The Forge Museum is set in an attractive Grade II* listed building situated in the picturesque village of Much Hadham. Once a farmhouse of the Moor Place Estate, the earlier parts of the building date from the 15th century. The forge and bellows room are part of a 17th century barn conversion, and in 1811 the shoeing room and blacksmith’s shop were added when Frederick Page moved in.
Four generations of the Page family ran the village smithy at Much Hadham until 1983, when Charles Page died aged 91. Charles’s daughter, Miss Jean Page, conveyed the forge and its two cottages to the Hertfordshire Building Preservation Trust by Deed of Gift in 1988.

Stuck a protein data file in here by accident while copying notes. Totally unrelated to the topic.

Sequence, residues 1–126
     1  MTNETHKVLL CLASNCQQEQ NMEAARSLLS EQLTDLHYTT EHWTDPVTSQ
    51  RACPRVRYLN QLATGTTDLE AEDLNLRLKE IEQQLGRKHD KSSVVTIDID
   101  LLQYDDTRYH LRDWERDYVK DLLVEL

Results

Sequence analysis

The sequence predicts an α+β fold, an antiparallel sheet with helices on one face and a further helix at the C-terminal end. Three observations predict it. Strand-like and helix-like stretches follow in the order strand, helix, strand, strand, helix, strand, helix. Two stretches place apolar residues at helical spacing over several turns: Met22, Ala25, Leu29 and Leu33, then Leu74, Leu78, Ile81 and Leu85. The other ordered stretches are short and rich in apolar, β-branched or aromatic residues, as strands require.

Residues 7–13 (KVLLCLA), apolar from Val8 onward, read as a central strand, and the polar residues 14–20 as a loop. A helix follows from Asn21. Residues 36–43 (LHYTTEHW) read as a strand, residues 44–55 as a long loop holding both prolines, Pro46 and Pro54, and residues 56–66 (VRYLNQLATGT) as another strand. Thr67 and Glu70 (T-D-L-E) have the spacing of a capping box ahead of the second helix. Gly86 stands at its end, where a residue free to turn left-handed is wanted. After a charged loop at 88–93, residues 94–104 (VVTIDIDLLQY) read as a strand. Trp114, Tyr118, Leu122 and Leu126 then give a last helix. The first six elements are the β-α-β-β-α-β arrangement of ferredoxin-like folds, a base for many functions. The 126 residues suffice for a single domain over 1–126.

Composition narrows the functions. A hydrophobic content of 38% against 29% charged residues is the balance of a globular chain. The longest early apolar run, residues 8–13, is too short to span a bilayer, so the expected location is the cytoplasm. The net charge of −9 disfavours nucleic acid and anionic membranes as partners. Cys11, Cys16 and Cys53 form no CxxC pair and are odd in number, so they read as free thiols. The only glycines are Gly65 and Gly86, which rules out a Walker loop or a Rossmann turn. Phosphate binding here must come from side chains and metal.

Much work has gone into restoring the forge, its buildings and contents. The Forge Museum was first opened in 1991 by His Grace, the Duke of Grafton. The museum underwent further expansion, refurbishment and a complete re-display in 2009, funded in the main by a Heritage Lottery Fund grant.
Renamed as Much Hadham Forge Museum, it now features a local history gallery displaying collections from both Much and Little Hadham, access to unique Elizabethan wall paintings and galleries devoted to the Blacksmith in mythology, art and literature, the development of the craft and the Page family blacksmiths and beekeepers. There is free access to a regular programme of temporary exhibitions and visitors can enjoy the tranquillity of the cottage garden with teas available from the café.